NEW YORK – The International Society for Prenatal Diagnosis (ISPD) on Wednesday published a set of recommendations on the use of cell-free DNA testing to screen multifetal pregnancies for Down syndrome and other autosomal trisomies, noting that the literature shows such testing to be appropriate for screening twin pregnancies and may also be a viable option for screening triplet pregnancies.
In a position statement published in the journal Prenatal Diagnosis, ISPD researchers said they addressed the choices faced by women carrying multifetal pregnancies: whether to undergo invasive diagnostic testing to receive the most comprehensive and actionable information, to undergo screening tests for common aneuploidies and/or additional disorders such as microdeletion/duplication syndromes, or to choose to have no testing at all. Although they focused on Down syndrome, they also addressed trisomies 13 and 18. The evidence they looked at included screening performance in multifetal pregnancies for combinations of serum and ultrasound markers, as well as by cfDNA testing methodologies. And although current professional guidelines compare the performance of cfDNA in twin pregnancies to that reported for cfDNA screening in singleton pregnancies, the ISPD compared cfDNA testing to other screening methods available for multifetal pregnancies, focusing on test characteristics such as sensitivity, specificity, and the test failure rate.
Overall, the researchers concluded, the use of cfDNA screening in the first trimester for common autosomal trisomies is appropriate for twin pregnancies "due to sufficient evidence showing high detection and low false-positive rates with high predictive values." If such testing reveals an increased risk, then it should be followed by counseling and an offer of diagnostic testing to confirm the results, the ISPD also said.
Further, the society recommended, laboratories performing cfDNA testing in multifetal pregnancies should take evidence of zygosity into account when interpreting both test results and fetal fractions. And when a cfDNA test failure occurs, they should consider ultrasound and diagnostic testing, or a second blood draw and retesting if there is sufficient time.
The ISPD said that while screening options for triplet pregnancies are lacking, cfDNA may be a potential option. However, diagnostic testing should always be offered and the limitations of screening tests should be stressed to expecting parents.
In their review, the ISPD researchers noted that while the use of cfDNA screening for Down syndrome in multifetal pregnancies has received increasing attention in recent years, only three out of 10 statements from professional societies that they reviewed actually allowed or recommended cfDNA screening in twin pregnancies. Others did not address the issue, suggesting that the data were too sparse to make a recommendation or recommended against its use. The earliest recommendation, published in 2015, implied screening was acceptable for all three disorders by stating that the performance of cfDNA screening in twins was similar to that in singleton pregnancies. Only two recommendations directly addressed triplet pregnancies. Both recommended the use of first trimester ultrasound markers at 11 to 13 weeks' gestation and did not address cfDNA testing. Ultimately, none of the professional societies recommend for, or suggested the use of, cfDNA screening in triplet pregnancies.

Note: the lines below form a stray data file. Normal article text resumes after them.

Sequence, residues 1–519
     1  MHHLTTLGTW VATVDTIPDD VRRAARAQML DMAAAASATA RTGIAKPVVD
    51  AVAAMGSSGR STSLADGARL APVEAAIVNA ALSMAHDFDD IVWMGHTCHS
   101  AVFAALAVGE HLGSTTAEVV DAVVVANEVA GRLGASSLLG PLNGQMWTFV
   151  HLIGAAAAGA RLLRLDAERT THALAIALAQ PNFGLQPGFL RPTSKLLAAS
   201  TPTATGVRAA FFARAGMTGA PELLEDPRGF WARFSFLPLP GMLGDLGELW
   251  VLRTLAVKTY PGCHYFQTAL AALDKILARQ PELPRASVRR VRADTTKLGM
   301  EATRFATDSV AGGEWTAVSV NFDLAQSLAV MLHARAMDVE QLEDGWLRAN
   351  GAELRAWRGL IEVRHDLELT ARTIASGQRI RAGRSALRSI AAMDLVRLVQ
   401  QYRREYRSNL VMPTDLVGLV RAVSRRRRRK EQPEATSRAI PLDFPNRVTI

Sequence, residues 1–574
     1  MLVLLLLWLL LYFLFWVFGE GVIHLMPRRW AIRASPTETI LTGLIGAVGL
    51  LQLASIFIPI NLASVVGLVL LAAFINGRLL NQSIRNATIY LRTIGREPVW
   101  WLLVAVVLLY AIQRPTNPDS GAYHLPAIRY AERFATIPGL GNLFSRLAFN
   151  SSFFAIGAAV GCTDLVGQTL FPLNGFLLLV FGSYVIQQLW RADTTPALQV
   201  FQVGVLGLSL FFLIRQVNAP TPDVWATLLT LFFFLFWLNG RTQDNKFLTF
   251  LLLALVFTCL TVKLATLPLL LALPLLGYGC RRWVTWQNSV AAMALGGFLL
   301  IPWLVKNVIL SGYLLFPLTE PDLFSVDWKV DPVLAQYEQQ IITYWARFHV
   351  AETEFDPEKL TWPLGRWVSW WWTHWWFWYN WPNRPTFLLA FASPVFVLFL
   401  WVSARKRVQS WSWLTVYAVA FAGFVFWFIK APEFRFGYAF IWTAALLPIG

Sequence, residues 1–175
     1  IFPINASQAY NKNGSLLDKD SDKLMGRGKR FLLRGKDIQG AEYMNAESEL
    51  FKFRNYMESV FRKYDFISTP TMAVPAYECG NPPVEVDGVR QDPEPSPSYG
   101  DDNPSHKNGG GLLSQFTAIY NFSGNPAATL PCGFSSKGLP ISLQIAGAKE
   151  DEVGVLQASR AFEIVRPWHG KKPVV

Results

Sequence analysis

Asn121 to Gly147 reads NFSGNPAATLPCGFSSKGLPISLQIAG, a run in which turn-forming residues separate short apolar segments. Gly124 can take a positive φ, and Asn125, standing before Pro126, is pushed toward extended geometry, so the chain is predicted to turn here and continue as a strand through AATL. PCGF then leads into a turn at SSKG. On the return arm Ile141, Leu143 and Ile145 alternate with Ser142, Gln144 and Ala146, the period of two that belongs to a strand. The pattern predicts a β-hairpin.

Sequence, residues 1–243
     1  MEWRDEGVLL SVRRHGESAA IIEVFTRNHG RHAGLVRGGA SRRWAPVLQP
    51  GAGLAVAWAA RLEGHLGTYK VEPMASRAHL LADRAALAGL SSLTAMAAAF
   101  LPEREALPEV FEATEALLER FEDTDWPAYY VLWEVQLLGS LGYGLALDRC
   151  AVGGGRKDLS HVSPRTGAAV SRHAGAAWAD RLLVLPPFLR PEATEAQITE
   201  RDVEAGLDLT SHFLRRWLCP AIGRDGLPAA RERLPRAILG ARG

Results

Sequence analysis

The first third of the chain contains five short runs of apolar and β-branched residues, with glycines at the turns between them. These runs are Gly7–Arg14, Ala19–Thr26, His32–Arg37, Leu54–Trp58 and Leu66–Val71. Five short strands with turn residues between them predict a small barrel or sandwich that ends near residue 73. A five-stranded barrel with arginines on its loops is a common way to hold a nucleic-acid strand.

Since the ISPD drafted its own recommendations, prepublication of a new ACOG Practice Bulletin was released, making a level B recommendation that "cell-free DNA screening can be performed in twin pregnancies." In addition, England's National Health Service recently released a plan to employ cfDNA testing in both singleton and twin pregnancies, the ISPD said.
The researchers also analyzed results from a formal review of the literature regarding the performance of cfDNA testing in twin pregnancies. The results showed that in a total of 3,780 twin pregnancies, there were 56 that had at least one fetus with Down syndrome. Among the 56, there was one false-negative and two false-positive results. In another analysis, which included additional studies, a total of 117 twin pregnancies had at least one fetus with a common autosomal trisomy (84 with Down syndrome, 29 with trisomy 18, and four with trisomy 13), with detection rates for cfDNA screening of 98.8 percent, 93.1 percent, and 75 percent, respectively. The overall false-positive rate among unaffected pregnancies was 0.29 percent.
Finally, the ISPD said, two studies reported cfDNA test results in more than 10 triplet pregnancies, but none were reported to be positive or from a known trisomic pregnancy. Therefore, observed detection rates for Down syndrome and other common trisomies were absent. Test failure rates are likely to be higher for triplets than for twins, the researchers noted, especially when fetus-specific fetal fraction estimates are not available. However, there are data showing that cfDNA testing can correctly identify the fetal sex in all triplet combinations.
"Based on our current knowledge of how cfDNA testing distinguishes the underlying genetics between mother and fetus, one could extrapolate this knowledge from screening singletons and twins to a theoretical performance [of detecting autosomal trisomies] in triplet pregnancies," the authors wrote.